Thanksgiving emergency? Here's how to solve common turkey issues

It's the stuff of Thanksgiving Day nightmares: waking up to put the turkey in the oven and realizing that the bird isn't thawed entirely — or at all.

Along with that nightmare may come the realization that there's not the three-plus hours needed to roast a turkey the traditional way.

Now what to do?

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Are dreams of leftover turkey sandwiches and turkey soup completely dashed?

A variety of food experts shared advice for how to safely and efficiently thaw (and cook) a turkey in time for Thanksgiving dinner.

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Thawing a turkey on a kitchen counter could lead to the growth of dangerous bacteria and the risk of food poisoning — read on for key advice to thaw a turkey safely and effectively.

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Here's what they shared.

While the preferred way to thaw a turkey is in the refrigerator, says the Butterball website, there simply won't be enough time to do this on Thanksgiving Day and still get a turkey on the table for dinner.

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The next best method, curiously enough, is to use cold water.

"To quickly and safely thaw a turkey, fill your kitchen sink with cold water and place the turkey breast-side down into the water and submerge it," said Matt Johnson, co-author of the food blog Cook Like A Master.

The cold water, said Johnson, will thaw the turkey "at around 30 minutes per pound."

"Refresh the water each hour to keep the temperature consistent and the thawing progress moving forward," he added.

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Another way to quickly thaw a turkey is to use a sous vide machine, said Dr. Bryan Quoc Le, a food scientist and food industry consultant based in Puyallup, Washington.

"The fastest way to thaw a turkey safely is to place the turkey, still in its packaging or sealed in a plastic bag with most of the air removed, in a cold water bath with a sous vide machine," he said. (Also known as water ovens, sous vide machines resemble slow cookers; they heat the water in the tub.)

There are smart and safe ways to thaw a Thanksgiving turkey before the big day, according to food experts.
There are smart and safe ways to thaw a Thanksgiving turkey before the big day, according to food experts.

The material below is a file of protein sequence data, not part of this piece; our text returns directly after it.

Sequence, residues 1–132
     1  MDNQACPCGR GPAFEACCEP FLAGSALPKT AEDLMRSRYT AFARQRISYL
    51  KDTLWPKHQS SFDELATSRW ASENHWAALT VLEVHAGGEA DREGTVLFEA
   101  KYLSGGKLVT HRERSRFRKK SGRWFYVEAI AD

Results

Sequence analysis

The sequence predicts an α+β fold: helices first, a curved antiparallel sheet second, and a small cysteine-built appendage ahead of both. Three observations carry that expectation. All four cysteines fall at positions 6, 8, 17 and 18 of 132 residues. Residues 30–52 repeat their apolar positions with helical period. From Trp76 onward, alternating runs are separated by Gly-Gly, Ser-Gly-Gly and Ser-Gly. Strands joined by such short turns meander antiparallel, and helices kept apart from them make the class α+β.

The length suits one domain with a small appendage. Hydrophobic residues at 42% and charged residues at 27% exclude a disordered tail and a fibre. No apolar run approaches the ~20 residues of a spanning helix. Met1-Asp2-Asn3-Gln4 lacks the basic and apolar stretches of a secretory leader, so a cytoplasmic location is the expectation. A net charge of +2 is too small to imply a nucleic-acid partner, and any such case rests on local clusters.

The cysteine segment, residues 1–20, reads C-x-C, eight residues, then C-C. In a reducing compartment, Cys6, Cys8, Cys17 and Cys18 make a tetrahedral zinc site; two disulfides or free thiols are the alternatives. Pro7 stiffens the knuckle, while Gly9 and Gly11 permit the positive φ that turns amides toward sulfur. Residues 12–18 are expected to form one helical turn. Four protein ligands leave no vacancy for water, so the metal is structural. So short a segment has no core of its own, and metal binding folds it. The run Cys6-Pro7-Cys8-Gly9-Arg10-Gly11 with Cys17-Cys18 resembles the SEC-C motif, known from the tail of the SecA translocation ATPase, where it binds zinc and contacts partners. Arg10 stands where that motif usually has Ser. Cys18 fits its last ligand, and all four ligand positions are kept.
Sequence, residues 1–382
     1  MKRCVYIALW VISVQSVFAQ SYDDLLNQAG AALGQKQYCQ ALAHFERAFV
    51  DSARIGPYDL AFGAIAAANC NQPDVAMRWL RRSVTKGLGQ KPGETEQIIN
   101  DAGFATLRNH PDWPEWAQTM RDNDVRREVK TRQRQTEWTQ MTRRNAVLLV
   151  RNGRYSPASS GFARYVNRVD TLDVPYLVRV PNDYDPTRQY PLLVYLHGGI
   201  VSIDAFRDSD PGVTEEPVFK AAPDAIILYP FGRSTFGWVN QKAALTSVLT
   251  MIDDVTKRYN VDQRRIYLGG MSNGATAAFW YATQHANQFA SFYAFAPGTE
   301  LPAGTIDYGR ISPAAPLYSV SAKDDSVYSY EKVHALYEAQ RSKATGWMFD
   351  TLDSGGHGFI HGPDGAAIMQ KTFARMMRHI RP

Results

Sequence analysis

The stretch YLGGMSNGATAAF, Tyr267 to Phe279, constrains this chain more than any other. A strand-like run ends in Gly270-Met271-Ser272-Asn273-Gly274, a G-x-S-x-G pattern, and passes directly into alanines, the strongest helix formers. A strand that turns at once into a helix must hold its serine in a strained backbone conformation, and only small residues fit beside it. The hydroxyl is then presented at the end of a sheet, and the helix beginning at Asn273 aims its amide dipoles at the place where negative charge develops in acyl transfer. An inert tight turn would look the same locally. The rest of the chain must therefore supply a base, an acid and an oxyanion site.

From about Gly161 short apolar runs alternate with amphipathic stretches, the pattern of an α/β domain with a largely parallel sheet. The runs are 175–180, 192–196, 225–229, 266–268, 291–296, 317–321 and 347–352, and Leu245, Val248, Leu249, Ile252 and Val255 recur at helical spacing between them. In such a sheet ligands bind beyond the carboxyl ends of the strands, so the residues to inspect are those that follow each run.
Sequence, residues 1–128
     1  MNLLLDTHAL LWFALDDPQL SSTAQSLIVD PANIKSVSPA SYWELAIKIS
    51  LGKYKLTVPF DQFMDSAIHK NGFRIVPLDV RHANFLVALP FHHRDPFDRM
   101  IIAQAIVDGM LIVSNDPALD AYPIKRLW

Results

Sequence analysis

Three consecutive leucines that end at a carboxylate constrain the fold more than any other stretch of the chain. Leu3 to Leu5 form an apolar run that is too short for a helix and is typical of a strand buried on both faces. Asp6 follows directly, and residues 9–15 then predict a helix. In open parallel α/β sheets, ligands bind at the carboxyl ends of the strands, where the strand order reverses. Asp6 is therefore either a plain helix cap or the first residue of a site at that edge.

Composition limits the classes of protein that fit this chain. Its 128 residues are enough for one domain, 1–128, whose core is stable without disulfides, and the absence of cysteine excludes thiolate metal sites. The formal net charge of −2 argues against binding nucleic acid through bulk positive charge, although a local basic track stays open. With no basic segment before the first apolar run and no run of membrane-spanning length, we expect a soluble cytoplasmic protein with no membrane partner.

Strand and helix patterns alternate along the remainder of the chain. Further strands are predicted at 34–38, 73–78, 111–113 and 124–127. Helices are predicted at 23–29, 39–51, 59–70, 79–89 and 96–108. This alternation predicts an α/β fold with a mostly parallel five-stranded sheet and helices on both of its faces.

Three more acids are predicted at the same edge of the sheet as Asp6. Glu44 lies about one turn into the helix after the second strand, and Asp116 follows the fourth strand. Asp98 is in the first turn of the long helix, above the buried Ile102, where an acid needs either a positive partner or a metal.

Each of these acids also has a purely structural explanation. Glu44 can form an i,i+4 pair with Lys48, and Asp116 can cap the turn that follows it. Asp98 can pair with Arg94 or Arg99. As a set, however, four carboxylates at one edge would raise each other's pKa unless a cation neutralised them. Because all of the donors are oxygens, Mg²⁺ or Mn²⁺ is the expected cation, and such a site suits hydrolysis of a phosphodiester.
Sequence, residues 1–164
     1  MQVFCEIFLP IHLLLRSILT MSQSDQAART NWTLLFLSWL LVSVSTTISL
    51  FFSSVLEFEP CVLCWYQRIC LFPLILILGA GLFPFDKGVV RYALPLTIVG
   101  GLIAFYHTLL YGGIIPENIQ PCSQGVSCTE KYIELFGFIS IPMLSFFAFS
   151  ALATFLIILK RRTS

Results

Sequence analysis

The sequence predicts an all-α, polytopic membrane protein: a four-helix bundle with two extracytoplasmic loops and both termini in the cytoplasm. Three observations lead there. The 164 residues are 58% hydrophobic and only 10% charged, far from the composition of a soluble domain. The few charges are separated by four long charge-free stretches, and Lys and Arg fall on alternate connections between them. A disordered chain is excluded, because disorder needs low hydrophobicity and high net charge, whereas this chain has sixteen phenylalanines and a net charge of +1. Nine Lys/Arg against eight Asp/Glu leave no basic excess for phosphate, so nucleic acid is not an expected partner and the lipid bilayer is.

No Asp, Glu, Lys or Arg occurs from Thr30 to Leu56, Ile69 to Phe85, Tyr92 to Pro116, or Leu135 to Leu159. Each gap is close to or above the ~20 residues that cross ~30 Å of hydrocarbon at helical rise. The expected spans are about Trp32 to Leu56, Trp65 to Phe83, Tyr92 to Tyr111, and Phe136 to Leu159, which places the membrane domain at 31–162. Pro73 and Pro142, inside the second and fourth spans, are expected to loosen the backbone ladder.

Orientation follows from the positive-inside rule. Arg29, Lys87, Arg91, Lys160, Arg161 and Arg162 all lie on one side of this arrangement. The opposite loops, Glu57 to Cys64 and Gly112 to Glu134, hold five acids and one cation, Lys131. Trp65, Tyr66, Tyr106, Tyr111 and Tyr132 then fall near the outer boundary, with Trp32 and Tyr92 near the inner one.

With the water high enough to cover the turkey entirely, the sous vide machine "should be set to the lowest possible temperature, or 40 degrees Fahrenheit, and set to circulate."

Doing this, he said, "will ensure that the heat transfer between the turkey and the outside of the container is maximized without raising the temperature beyond safe levels where bacteria can thrive."

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One thing not to do, however, is to use heat to speed a thawing turkey.

"Thawing your turkey on your kitchen counter, at room temperature, or in a sink of hot water — [these are] unsafe defrosting practices that should be avoided at all costs," Eleonora Lahud, a Florida-based corporate chef at C&H Sugar, told Fox News Digital.

Lahud also endorses using cold water to thaw a turkey, and suggests changing the water every 30 minutes to speed thawing.

It's important to remember good hygienic practices during this time, she said.

"Don’t forget to scrub down any surfaces or utensils used to defrost your turkey," she said. "Washing these clean with soap and water will help you avoid contaminating other food items, yourself and your future guests."

With the turkey thawed, there are a few ways to get a tasty dinner on the table in a relatively short time. Turkey is safe to eat when it reaches a temperature of 165 degrees Fahrenheit, says the Butterball website.

A technique called "spatchcocking" will cook a turkey much quicker than the traditional roasting method, food blogger Johnson told Fox News Digital.

Spatchcocking a turkey is one of the fastest ways to cook it, a professional chef told Fox News Digital. Pictured here: a spatchcocked chicken.
Spatchcocking a turkey is one of the fastest ways to cook it, a professional chef told Fox News Digital. Pictured here: a spatchcocked chicken.

"The fastest way to cook a turkey is to spatchcock it," he said.

This is done by removing the turkey's backbone and pressing down on the ribcage to "butterfly" the bird and lay it flat on the roasting sheet.

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The advantages of a spatchcocked bird?

"The whole bird cooks evenly at the same time" as each of its parts are exposed to the oven, he said.

"The end product will be a juicy, succulent turkey that is cooked in about one hour," said Johnson.

Close-up view of man serving turkey slice
Spatchcocking a turkey results in "a juicy, succulent turkey that is cooked in about one hour."

Another way to speed up cooking time is to deconstruct the turkey entirely, Brian Nagele, CEO of Restaurant Clicks, told Fox News Digital.

He's located in the greater Philadelphia area.

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"A whole turkey may take hours to cook because of its thickness. However, chopping the turkey into separate pieces — thighs, drumsticks, wings — makes it easier for the oven heat to penetrate the meat and cook it evenly," he said.

Nagele also advised people to resist the temptation to open the oven door during the cooking process.

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Doing so lets heat escape and slows down the time it takes to finish the bird.

Opening the oven door is "one of the most common mistakes I see cooks making," he said.